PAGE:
e_steak

My husband’s entree (at least until I traded with him) was Fish and Chips ($14.95), classic presentation, but look – there’s that whole corn kernels in the batter thing again – what is it with that? This was good, but not great – edible, but didn’t stand out. There’s a dozen places in town that do fish and chips much better, but as we quipped at the table “at least this doesn’t suck”.

Fish and Chips from Elevator

We had planned on sharing dessert, as their Grand Marnier Crepes were excellent the last time I had them, but between the time on the meter almost running out, and the fact that a brewing storm was blowing grit from High Street into my eyes and blowing over tables and glasses of water and cloth napkins and anything that wasn’t nailed down, I took that as our cue to leave. We probably won’t be back, unfortunately – or if we do, it will be for beer and burgers and Grand Marnier Crepes, as they pretty much missed on all counts with dinner.

If you’d like to go: Elevator Brewery and Restaurant, 161 N. High St, Columbus, OH, 614.228.0500

Update: it has come to my attention that most of the recent comments have come from shills sent this way by the restaurant, as evidenced by one of the employees (as can be seen here), Kevin Jaynes, talking about his “visit to the Elevator and how it has the best salad in Columbus” – given the general tenor and attitude of the recent comments, I suspect¬†they are employees also, and am attempting to prove it at this time. Keep this in mind, folks, if you decide to go. Do you really want to give your business to an establishment that attempts to discredit bad reviews rather than taking the suggestions to heart and improving? I will never censor any comments on this site (I do filter out obvious spam only), but will take an opportunity to comment on this publicly (I usually respond privately to comments, which I have, but in this case, I’d like to comment publicly too).

Elevator on Urbanspoon

19 thoughts on “Review: Elevator Brewery and Restaurant

  1. I wouldn’t even be back for beer, myself, since their brews taste like watered down versions of better beers you can get at Barleys farther up High Street, although even their more exotic/experimental beers are done at the Smokehouse location in Grandview area.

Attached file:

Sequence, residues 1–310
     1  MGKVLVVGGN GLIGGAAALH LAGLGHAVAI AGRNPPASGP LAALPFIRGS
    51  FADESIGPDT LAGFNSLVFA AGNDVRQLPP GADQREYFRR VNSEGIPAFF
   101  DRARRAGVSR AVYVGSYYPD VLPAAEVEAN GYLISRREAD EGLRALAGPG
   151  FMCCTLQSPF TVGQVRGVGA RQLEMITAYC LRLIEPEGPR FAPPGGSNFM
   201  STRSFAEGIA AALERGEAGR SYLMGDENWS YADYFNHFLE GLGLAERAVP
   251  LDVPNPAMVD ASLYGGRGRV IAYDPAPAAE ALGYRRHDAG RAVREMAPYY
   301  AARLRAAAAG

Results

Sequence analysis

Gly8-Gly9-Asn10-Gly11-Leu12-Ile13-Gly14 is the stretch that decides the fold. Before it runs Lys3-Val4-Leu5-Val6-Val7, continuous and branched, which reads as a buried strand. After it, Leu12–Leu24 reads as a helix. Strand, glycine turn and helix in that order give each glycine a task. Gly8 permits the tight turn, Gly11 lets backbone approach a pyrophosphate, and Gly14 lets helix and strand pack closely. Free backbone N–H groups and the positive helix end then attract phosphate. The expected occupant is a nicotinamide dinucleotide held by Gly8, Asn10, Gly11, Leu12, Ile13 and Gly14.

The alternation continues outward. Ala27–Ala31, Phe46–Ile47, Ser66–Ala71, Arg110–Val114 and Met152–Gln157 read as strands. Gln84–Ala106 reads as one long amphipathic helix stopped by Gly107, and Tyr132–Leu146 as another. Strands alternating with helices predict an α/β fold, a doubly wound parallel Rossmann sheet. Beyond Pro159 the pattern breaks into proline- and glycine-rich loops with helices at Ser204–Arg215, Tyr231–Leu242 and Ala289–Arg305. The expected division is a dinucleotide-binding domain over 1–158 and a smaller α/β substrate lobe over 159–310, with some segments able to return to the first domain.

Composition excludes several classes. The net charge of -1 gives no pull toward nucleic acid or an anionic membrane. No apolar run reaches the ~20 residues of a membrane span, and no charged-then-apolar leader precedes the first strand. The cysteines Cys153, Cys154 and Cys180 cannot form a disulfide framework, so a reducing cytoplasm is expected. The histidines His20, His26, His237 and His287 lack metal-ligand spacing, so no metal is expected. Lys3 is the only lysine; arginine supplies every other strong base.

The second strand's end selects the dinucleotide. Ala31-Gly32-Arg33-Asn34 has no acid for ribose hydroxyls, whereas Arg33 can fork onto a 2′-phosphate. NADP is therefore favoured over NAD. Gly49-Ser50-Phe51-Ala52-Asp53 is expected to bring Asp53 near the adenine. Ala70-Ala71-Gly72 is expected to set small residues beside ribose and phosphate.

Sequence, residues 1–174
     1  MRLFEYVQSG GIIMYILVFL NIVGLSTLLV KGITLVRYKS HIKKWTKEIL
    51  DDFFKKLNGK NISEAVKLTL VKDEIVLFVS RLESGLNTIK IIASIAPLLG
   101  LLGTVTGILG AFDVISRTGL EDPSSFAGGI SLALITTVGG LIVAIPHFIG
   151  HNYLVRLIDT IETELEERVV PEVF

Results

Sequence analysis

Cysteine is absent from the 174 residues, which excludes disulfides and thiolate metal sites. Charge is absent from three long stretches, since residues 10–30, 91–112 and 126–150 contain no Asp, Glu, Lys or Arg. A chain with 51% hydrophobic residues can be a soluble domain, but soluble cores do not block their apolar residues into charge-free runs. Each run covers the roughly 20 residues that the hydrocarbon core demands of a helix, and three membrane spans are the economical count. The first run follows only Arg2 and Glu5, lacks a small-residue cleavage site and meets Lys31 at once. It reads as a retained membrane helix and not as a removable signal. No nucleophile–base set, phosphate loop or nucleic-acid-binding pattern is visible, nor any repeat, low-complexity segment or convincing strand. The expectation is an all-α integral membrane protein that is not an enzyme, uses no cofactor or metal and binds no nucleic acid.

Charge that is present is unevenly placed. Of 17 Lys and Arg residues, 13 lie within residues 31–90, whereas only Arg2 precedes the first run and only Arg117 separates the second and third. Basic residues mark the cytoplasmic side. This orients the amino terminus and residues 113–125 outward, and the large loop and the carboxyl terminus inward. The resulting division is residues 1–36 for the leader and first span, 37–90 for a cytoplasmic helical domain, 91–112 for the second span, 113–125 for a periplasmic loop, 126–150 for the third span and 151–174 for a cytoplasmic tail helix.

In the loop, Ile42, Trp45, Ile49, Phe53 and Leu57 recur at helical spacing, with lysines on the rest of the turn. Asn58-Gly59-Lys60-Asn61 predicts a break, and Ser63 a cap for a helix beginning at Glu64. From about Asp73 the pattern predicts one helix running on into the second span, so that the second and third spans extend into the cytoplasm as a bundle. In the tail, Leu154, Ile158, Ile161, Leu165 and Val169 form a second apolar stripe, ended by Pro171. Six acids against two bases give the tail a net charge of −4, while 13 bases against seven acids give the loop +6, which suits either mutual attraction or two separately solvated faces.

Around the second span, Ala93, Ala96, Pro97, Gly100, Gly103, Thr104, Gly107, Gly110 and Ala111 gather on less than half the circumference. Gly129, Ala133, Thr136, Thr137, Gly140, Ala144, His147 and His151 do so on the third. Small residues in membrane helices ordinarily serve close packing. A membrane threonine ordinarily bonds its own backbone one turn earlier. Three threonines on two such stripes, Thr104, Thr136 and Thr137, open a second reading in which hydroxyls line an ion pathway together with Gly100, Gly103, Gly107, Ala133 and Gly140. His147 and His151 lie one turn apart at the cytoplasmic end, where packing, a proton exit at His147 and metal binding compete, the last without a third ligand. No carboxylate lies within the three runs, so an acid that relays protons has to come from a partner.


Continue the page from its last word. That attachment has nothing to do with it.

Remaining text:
2. A group of us would always eat a the Elevator before any event downtown. Then the service started to be bad followed by the food. We have moved on to other establishments……

  3. I have actually eaten at the Elevator on several occasions and have never had a bad meal or beer. In fact the Almond Chicken Salad is probably the best salad I have had in Columbus. I don’t know what happened while you dined there but I love it.

  4. Most places in Columbus are occasionally spotty, but the Elevator has never let me down. I rank it up there with the Refectory or Alaina’s as destination evenings. I get the feeling this lady had some personal bereavement that colored her experience. That or she feels the only way to feel refined is to be a harsh critic.
    Anyway………..

  5. Wow! Where do I begin? As a frequent patron of the Elevator I am rather perplexed by your confusing rant. I’ll make this short so as not to keep you from your hotpockets. First, before suggesting the chef go back to culinary school, perhaps you should try attending a school to brush up on your grammer. Second, Marsala pan sauce does not require the use of mushrooms nor cream despite whatever you may have learned from Olive Garden commercials. Third, a nice dining experience usually takes more than an hour to thoroughly enjoy unless of course you are accustomed to one of the more venerable establishments such as TGI Fridays. That’ll be all.

  6. A brief search of this restaurant on Google yielded quite a different perspective than that which you have shared. The establishment received quite a few “excellent” marks and seldom sank below “good”. I am not familiar with your culinary background; however, I believe you are missing a few finer points of detail in your review. You stated that you expected the medallions to be grilled, yet the description clearly stated that they were pan seared. You also suggested that the tenderloin had been “pounded”. Your picture of the entree tells a different story. The edges of the medallions are crisp, sharp and uniform, something that can not be duplicated after pounding meats. I am a frequent patron of this establishment. I visit on my lunch breaks weekly and I frequently bring my family in for special occasions. On all occasions, I have never had a problem with time or poor staff interactions, aside from a female server who had just started. I am quite the avid home chef and I never leave the elevator with a bad taste in my mouth. I think perhaps you are slighted with the establishment, an employee, or simply lack the culinary knowledge to properly review, critique, or judge any establishment or their food. All of us are entitled to our opinions and I am not trying to strip you of yours, but I am questioning the merit of your opinion.

  7. No I haven’t eaten here.. yet. But, just a take on the review. Starting with the salad. First the menu description sounds like a train wreck, too many flavors which are going to fight. I don’t know why you should be suprised at the outcome. Salads should be simple affairs of carefully chosen ingredients. I would have left this salad on the menu. Good salads are rare.